By Jean Christou

    AYIA Napa has been listed by British magazine Holiday Which? as one of the top ten holiday `notspots' - places to avoid at all costs.

    According to the magazine survey, the `top ten' are classed as the "last resorts" synonymous with lager louts and sleaze.

    Ayia Napa, whose reputation as a family destination has hit rock bottom in the last three years thanks to an influx of clubbers, is listed as "If you love ear-crashing music and cheek-to-cheek acres of sizzling flesh on a not- so-pretty beach then this is your spot."

    The once-sleepy fishing village turned holiday paradise now ranks with such notorious resorts as Faliraki in Rhodes, Hurghada in Egypt, the Algarve's Quarteira, Kavos in Corfu, Malia in Crete, San Antonio in Ibiza, S'Arenal in Majorca, Tererife's Playa de las Americas and Gumbet in Turkey.

    Descriptions include: "Lager louts fighting on the beach, horrible high- rise hotels in concrete jungles and drunken teenagers turning up the disco music all night."

    "The list reflects a growing disenchantment with the sex, sun and sand resorts which grab all the attention - but often for the wrong reasons," said one British newspaper, which published an article on the survey.

    Holiday Which? said many unsuspecting holidaymakers were lured to the resorts with the promise of a cheap deal, only to discover the truth when they reached their destination. "The nightlife turns out to be a succession of `British' pubs and kebab shops with teenagers throwing up," the magazine said.

    However. for every "notspot" resort there is a genuine hotspot nearby, and in the case of Cyprus it's Paphos, the magazine said. It describes the western coastal town as: "A pleasant harbour with waterside cafes where you can still party the night away."

    Bob Tolliday from Holiday Which? wrote: "Many people do not realise that very close to a notspot is a hotspot where they could have a much better time."

    Copyright Cyprus Mail 2002

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    [09] Iranian company in talks for refinery upgrade

    By Alex Mita

    WORK on upgrading the Petroleum Refinery in Larnaca to meet with EU regulations is expected to begin in February, aiming for completion a few months after the island joins the EU in May 2004.

    The General Manager of the Cyprus Petroleum Refinery Ltd (CPRL),

    George Lambrou, yesterday confirmed negotiations were under way with an Iranian company that would carry out the upgrades at an estimated cost of $40 million. The works would allow the production of unleaded petrol and sulphur free diesel. Super and regular petrol will only be produced in small quantities for antique cars.

    "An Iranian company was selected to carry out the works, but no contract has been signed yet," Lambrou said.

    "I can't reveal the exact cost of the works but it is well within what we estimated."

    According to Politis, the project is expected to be financed by foreign investors.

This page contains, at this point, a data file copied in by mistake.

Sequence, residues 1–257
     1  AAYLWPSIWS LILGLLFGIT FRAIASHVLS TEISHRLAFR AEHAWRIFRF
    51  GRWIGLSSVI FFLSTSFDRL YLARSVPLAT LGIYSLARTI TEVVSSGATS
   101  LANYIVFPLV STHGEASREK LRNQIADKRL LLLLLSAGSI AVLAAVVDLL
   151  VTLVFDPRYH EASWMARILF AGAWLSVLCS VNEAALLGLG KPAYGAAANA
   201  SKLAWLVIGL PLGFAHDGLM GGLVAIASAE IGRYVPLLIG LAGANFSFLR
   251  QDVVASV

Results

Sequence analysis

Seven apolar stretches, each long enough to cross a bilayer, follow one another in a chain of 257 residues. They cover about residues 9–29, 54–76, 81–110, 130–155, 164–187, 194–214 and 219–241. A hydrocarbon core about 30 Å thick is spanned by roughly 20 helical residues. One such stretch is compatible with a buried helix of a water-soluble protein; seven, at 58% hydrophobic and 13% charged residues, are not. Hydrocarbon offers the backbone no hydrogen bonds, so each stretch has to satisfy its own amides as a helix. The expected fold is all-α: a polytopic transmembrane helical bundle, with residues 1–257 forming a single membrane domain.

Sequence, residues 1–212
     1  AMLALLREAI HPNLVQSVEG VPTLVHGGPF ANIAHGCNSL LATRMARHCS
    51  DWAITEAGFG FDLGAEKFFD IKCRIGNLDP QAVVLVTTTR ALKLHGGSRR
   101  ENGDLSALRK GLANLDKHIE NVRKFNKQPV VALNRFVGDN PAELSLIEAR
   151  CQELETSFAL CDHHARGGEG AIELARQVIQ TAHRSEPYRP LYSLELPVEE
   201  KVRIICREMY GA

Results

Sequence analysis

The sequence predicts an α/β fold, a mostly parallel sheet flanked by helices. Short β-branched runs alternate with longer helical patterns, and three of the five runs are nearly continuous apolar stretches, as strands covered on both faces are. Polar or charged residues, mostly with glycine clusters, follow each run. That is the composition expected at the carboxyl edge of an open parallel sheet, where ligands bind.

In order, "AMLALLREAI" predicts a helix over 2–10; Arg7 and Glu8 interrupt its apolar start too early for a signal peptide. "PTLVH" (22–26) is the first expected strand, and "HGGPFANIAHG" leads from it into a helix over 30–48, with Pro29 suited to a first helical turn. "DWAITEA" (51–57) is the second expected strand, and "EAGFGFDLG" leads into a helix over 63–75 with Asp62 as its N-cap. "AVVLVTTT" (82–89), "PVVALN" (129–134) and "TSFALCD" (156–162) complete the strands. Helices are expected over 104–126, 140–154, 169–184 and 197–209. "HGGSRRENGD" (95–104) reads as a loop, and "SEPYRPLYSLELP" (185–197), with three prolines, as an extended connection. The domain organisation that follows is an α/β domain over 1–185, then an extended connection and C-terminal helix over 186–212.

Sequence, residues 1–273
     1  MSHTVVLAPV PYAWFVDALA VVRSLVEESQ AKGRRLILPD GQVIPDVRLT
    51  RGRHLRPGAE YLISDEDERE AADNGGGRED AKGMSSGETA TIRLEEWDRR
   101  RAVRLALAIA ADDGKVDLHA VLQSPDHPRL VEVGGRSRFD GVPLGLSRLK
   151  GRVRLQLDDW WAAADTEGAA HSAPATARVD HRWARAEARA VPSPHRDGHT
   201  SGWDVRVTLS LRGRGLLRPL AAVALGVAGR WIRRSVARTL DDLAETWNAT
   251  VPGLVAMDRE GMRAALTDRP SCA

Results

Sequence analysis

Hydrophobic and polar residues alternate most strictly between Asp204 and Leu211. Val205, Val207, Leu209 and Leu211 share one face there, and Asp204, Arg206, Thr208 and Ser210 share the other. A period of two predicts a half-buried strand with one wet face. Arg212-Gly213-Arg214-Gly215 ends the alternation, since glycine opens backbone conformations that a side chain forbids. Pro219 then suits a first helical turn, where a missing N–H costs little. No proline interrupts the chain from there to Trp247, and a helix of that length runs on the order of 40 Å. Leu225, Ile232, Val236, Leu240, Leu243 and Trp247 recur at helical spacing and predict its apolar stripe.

Questions have been raised as to why $40 million is being spent to upgrade a refinery that will eventually be torn down in a commitment to Larnaca residents.

    A reliable source told the Sunday Mail last June that a British report, financed by the CPRL in 1993, had found that if the refinery was closed down, the taxpayer would have saved $5 million a year since then.

    Speaking at the time, Commerce and Industry Minister Nicos Rolandis admitted the government and the taxpayer would have been better off had the refinery been put out of its misery a long time ago.

    "By and large, the decision is that it will pay us not to have a refinery," Rolandis said.

    The refinery has long been a thorn in the side of Larnaca residents.

    The decision to move it was taken after the Municipality declared war on the government, refusing to issue building permits to the CPRL for the construction of additional fuel storage tanks.

    Since the 1993 report, the CPRL has spent £8 million on a project to increase production, despite the fact that Cyprus' needs for finished petroleum products were already covered.

    Add to that the $40 million that will be used to upgrade the refinery, and the taxpayer is contributing more than $50 million for a refinery that will soon be shut down.

    Rolandis has insisted there is no other choice, saying Cyprus cannot import refined products from now because there is no storage capacity at Larnaca. He says the only feasible move is to upgrade the refinery to bring it into line with EU standards.

    "Then we will dismantle the refinery, even if the equipment will be only six or seven years old."

    A new tank farm will also be built at the energy centre at Vassiliko in the Larnaca district, to meet EU regulations, which call for a minimum of 90- day fuel storage facilities. The cost of the tank farm is estimated to amount to $300 million. The study on the tank farm is expected to begin in 2005.

    But an EU directive allows for some of the finished products to be stored in tank farms overseas, suggesting the refinery could have been closed down earlier and Cyprus could have been transporting the goods from abroad. The government argues the costs of transporting refined fuel products to Cyprus would be too high.

    When the tank farm is completed around 2008-9, the refinery will run for a further one or two years, as a precautionary measure. It will then be dismantled and the government will try and sell the upgraded parts abroad.

    Copyright Cyprus Mail 2002